FPL, in coordination with University of Florida (UF) biologists, monitors the system's crocodile population throughout the year. For many years, FPL tracked crocodile nesting and hatchlings and in 2009, prior to the extended power uprate investment, expanded efforts to monitor crocodiles of all life stages. In 2015, FPL further expanded the program to include blood analysis.
In the wake of the two-year drought that impacted the water quality of the cooling canals, the monitoring program has recorded lower density of crocodiles within the system. In 2015, fewer nests were recorded than in recent prior years. Although this does not necessarily indicate a problem for the species, because crocodiles roam freely in and out of the canal system, living and nesting in the Everglades and other areas, FPL is broadening the scope of its monitoring program this year to encompass parts of Biscayne Bay.
FPL believes the lower number of crocodiles recorded in the canal system has been due at least in part to the increase in the canal system's salinity levels that occurred as a result of the extended drought and exacerbated by litigation brought by local groups that delayed FPL from moving forward with critical fresh water relief. Fortunately, in the annual crocodile monitoring report, which will be filed with the South Florida Water Management District, UF biologists note that they believe "crocodiles will respond positively to improved habitat conditions that may be linked to lower salinity levels; first by increasing in relative density, but then increasing in body condition as salinities continue to decrease and ecosystem functions return."
"As we continue to make progress at reducing the salinity levels in the canals, we expect to see more crocodiles return to the system in the coming years," said Kristin Eaton, FPL environmental specialist and wildlife biologist. "Unfortunately, salinity may not be the only challenge facing this important species, and we have to remain vigilant."
In addition to addressing the salinity levels, FPL is also taking action to fight a growing threat to the crocodile population – the Argentine black and white tegu lizard, an invasive non-native omnivore species that consumes a variety of foods, including reptile eggs. In just the past few years, the tegu lizard has rapidly emerged as a serious environmental threat in South Florida.
To protect the crocodile and other indigenous wildlife, the company has been partnering with environmental advocacy groups, the Florida Fish and Wildlife Conservation Commission, the University of Florida and the U.S. Fish and Wildlife Service to find ways to combat the tegu lizard. FPL has enlisted an invasive-species expert to trap and remove tegu lizards in the Turkey Point cooling canal system with environmentally appropriate methods. The new trapping program begins this month.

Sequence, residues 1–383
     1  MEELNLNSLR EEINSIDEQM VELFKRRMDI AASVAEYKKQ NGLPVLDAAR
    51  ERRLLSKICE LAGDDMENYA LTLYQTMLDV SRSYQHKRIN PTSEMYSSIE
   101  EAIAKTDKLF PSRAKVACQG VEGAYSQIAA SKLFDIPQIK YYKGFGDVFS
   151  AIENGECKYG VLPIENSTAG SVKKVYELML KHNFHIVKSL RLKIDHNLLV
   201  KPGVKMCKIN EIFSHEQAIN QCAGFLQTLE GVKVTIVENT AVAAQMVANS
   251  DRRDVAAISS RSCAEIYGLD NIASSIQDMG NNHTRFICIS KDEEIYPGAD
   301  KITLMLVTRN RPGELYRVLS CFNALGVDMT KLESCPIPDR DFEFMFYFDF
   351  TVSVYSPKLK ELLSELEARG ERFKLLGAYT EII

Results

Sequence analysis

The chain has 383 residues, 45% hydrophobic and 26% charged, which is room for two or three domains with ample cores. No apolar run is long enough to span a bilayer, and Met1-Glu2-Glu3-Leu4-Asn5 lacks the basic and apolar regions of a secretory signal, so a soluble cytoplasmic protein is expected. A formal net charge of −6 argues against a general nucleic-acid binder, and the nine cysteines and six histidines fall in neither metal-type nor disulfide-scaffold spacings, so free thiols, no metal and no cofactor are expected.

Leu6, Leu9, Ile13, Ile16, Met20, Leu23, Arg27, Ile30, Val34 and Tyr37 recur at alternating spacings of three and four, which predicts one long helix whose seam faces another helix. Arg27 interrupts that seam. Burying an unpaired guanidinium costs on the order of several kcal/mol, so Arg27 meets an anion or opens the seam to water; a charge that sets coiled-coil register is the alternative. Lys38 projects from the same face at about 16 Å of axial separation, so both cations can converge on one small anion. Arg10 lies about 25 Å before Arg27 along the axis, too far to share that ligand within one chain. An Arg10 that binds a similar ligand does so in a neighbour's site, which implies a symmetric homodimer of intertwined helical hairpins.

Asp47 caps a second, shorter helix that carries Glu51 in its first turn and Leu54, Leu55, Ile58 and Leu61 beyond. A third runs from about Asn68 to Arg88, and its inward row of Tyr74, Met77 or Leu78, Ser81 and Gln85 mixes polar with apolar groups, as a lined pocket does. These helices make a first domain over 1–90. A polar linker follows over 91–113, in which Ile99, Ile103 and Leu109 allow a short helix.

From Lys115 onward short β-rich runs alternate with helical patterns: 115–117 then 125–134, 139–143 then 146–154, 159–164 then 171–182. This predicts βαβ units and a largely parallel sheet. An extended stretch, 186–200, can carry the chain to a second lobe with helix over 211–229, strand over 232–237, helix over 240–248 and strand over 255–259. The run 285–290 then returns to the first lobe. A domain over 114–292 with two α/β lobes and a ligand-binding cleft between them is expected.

"FPL's Turkey Point facility over the years has been extremely important to the increase in the American crocodile population, providing protected nesting sites along cooling canal berms. The Argentine black and white tegu poses a serious threat to that population," said Manley Fuller, president of the Florida Wildlife Federation. "We're encouraged by FPL's support for critical tegu capture-and-removal work. It is imperative to have the cooperation of both government and the private sector to effectively manage invasive species in Florida."
For updates and more information, visit www.TurkeyPointFacts.com.
Florida Power & Light Company
Florida Power & Light Company is the third-largest electric utility in the United States, serving more than 4.8 million customer accounts or more than 10 million people across nearly half of the state of Florida. FPL's typical 1,000-kWh residential customer bill is approximately 30 percent lower than the latest national average and, in 2015, was the lowest in Florida among reporting utilities for the sixth year in a row. FPL's service reliability is better than 99.98 percent, and its highly fuel-efficient power plant fleet is one of the cleanest among all utilities nationwide. The company was recognized in 2015 as one of the most trusted U.S. electric utilities by Market Strategies International. A leading Florida employer with approximately 8,800 employees, FPL is a subsidiary of Juno Beach, Fla.-based NextEra Energy, Inc. (NYSE: NEE), a clean energy company widely recognized for its efforts in sustainability, ethics and diversity, and has been ranked No. 1 in the electric and gas utilities industry in Fortune's 2016 list of "World's Most Admired Companies." NextEra Energy is also the parent company of NextEra Energy Resources, LLC, which, together with its affiliated entities, is the world's largest generator of renewable energy from the wind and sun. For more information, visit these websites: www.NextEraEnergy.com, www.FPL.com, www.NextEraEnergyResources.com.
SOURCE Florida Power & Light Company